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Messages - kylekohlmorgen

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The Pub / Re: A bomber is rarely a good deal
« on: May 09, 2013, 04:32:20 PM »
I buy the beer I want in the container it comes in. Either way, I know the breweries I support aren't out to stiff me.

You can whine about the price of a beer. Or you can just buy one that fits your budget. Or you can just make it yourself.

Free Market. Free Country.

Going Pro / Re: Cleaning chemicals
« on: May 09, 2013, 04:10:55 PM »
Ecolab support has been extremely helpful in dialing in our CIP process.

I think their chemicals are too expensive, even on the bulk scale we buy them. They are effective, though. I've been told its because their approved for our organic/kosher/allergen-free/gluten-free products, but I don't buy it. I'm also not the one paying the bills.

They also attack every CIP issue with chemicals (especially new, fancy, pricey ones). Sometimes its the right answer, sometimes an expensive band-aid.

Anyway, here is how we CIP our kettles/process lines/fillers:

1. Hot rinse with water from recovered post-caustic rinse
2. AC-103 (NaOH) diluted to 2% at 180F, recirc for 30 min. (I think its more effective and easier on the pumps at 4% caustic and a lower temp, but its more expensive)
3. Fresh water hot/cold rinse (recovered)
4. Quorum Red (Phosphoric/Citric Acid) wash, diluted to 1%, recirc for 20 min
5. Fresh water rinse
6. Sanitizer recirc (Oxonia Active = PAA, with some H2O2 and Acetic acid) for 2 min (or until negative swab-test)

Note: I work in a small plant that pasteurizes and packages fruit purees and yogurt, but the process side looks/functions very much like a brewery.

Ingredients / Re: Christmas Beer
« on: May 09, 2013, 03:35:39 PM »
I was really hoping that melting down a bunch of candy canes and pouring it in would work out.. I mean hell seems like Dogfishhead has done a pretty decent job tossing in the kitchen sink and a dump truck of hops and making it work!!! ;D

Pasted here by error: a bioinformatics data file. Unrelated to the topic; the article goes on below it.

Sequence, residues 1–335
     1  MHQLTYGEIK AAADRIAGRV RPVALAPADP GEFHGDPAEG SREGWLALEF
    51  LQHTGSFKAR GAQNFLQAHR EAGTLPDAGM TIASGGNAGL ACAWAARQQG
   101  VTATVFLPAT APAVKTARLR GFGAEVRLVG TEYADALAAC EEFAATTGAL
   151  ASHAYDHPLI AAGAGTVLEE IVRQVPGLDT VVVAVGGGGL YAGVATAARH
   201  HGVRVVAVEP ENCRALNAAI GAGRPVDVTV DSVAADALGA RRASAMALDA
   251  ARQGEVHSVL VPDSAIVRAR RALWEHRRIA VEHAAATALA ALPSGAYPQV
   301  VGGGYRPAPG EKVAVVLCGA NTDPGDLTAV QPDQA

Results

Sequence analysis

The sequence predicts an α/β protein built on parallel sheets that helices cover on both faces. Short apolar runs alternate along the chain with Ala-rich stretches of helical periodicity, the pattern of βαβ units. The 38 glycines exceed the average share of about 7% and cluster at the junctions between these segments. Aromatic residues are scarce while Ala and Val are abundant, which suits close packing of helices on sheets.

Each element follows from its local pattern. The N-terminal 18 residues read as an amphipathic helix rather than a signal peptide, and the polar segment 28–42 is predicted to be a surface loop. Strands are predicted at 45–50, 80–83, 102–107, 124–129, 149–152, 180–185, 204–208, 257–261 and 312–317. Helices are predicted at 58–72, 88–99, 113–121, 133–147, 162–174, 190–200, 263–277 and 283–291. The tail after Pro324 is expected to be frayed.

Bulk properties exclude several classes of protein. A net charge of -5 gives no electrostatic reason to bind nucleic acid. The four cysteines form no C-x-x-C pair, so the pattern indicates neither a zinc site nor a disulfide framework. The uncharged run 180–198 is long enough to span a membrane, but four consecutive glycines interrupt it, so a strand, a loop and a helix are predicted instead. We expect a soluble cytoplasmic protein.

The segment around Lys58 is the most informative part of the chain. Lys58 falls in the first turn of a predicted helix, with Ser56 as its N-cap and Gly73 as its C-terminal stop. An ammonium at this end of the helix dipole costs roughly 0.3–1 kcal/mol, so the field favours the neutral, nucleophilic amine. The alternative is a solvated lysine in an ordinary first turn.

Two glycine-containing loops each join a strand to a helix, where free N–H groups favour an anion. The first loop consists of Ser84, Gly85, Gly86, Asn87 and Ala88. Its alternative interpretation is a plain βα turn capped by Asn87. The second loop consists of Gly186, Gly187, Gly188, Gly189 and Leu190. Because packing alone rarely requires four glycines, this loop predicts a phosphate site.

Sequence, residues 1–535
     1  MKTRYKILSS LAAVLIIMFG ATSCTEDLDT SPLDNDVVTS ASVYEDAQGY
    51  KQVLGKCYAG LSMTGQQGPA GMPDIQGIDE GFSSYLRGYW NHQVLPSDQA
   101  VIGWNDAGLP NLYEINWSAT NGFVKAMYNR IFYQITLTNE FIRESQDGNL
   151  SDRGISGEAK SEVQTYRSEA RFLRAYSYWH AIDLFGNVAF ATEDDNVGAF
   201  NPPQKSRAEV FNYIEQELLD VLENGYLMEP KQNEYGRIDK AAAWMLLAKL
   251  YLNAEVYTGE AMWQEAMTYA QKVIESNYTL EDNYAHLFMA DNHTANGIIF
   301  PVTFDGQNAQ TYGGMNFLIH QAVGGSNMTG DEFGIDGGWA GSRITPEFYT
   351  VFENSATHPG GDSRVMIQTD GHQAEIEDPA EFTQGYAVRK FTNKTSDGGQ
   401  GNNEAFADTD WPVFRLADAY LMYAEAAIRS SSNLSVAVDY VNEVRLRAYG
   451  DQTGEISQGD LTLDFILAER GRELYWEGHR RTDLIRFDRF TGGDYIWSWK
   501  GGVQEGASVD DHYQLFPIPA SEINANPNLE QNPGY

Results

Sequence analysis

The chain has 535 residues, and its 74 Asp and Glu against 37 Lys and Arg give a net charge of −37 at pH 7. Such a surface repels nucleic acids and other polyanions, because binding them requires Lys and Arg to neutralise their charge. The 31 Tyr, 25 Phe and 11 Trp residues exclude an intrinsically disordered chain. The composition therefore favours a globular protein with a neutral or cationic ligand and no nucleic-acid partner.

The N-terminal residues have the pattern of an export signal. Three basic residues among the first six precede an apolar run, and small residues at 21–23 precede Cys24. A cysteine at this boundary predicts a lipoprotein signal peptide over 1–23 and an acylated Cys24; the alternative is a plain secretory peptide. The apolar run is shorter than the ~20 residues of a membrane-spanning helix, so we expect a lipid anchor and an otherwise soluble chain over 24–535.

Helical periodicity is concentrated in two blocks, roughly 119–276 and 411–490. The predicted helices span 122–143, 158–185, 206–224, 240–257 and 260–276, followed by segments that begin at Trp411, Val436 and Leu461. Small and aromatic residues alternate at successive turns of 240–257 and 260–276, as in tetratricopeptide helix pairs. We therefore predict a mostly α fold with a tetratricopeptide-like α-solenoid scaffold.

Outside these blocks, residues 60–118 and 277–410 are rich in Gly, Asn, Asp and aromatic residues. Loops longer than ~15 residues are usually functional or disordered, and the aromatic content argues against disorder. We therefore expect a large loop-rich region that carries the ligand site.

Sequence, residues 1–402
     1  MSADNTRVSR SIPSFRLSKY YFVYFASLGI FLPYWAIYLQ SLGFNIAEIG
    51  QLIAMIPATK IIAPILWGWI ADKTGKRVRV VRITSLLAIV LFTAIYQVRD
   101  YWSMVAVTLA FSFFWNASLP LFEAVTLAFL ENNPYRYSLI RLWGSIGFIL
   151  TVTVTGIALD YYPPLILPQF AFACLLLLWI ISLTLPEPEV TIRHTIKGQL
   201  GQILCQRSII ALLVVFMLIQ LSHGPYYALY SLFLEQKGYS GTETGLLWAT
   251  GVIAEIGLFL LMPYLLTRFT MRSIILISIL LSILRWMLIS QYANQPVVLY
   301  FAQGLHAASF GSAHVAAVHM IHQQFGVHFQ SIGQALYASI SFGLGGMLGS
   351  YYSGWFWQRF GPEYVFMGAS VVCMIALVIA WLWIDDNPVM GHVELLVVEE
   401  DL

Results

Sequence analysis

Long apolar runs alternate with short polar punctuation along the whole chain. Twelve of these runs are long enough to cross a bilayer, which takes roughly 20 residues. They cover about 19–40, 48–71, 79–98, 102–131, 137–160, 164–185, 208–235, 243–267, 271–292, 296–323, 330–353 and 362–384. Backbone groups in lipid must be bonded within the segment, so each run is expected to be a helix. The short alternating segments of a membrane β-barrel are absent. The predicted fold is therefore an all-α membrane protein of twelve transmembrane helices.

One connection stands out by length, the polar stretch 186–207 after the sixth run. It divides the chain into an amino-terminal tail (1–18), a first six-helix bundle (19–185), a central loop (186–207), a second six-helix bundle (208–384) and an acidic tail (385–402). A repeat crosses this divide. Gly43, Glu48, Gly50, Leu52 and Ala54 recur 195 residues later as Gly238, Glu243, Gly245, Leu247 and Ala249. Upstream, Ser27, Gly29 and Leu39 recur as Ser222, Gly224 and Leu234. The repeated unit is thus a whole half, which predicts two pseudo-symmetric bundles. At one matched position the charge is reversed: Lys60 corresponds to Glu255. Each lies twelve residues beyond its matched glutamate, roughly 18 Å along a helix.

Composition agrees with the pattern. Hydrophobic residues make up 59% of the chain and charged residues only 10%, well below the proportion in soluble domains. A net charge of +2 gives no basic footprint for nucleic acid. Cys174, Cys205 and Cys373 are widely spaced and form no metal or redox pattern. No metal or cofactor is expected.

Why not? Candy canes are just sugar, peppermint flavoring, and food coloring.

Be careful - molten sugar burns like a SOAB!

Yeast and Fermentation / Re: Bugs in the bottle
« on: May 09, 2013, 03:29:35 PM »
Will chilling the bottles to say 40F completely halt fermentation once Ive reached where I want it?

It won't completely stop, but it will slow it down considerably.

Yeast and Fermentation / Re: Bugs in the bottle
« on: May 09, 2013, 03:28:08 PM »
...Ive never made a bottle bomb before- do these spontaneously explode or is just dangerous when you open them?

Before they build up enough pressure to pop on their own, they'll gush considerably when opening. That's when you know you need to get them in the fridge and drink them up.

The Pub / Re: Why I run Windows
« on: May 09, 2013, 11:43:34 AM »
Since Windows 8 was released, I've been buying laptop PCs for our company through Toshiba Direct and pay a little extra to "downgrade" to Windows 7 Pro.  We've had really good results.

I've had to do this at every company I've worked for because most PLC programming software packages lag behind on supporting new Windows builds.

Its actually a nice situation: I always know what to expect. I happily work on XP as people complain about Vista. I'm moving right along on 7 while hearing the pitfalls of 8.

Meanwhile, I haven't had to replace my personal laptop since graduating college, so the ol' girl back home is chugging along with Vista. She's still fighting the good fight, but I've got all my beer recipes and notes on Google Drive, just in case...

Commercial Beer Reviews / Re: Tank #7
« on: May 09, 2013, 11:29:52 AM »
...And so easy to drink for such a big beer...

Too true.

I enjoy it on tap at my local (if they haven't run out), often thankful for the short walk home.

Saison Brett is also great - I love a touch of brett in my simple saisons!

Yeast and Fermentation / Re: British Yeast Recommendation
« on: May 09, 2013, 11:22:03 AM »
Wyeast 1968 london esb is fun.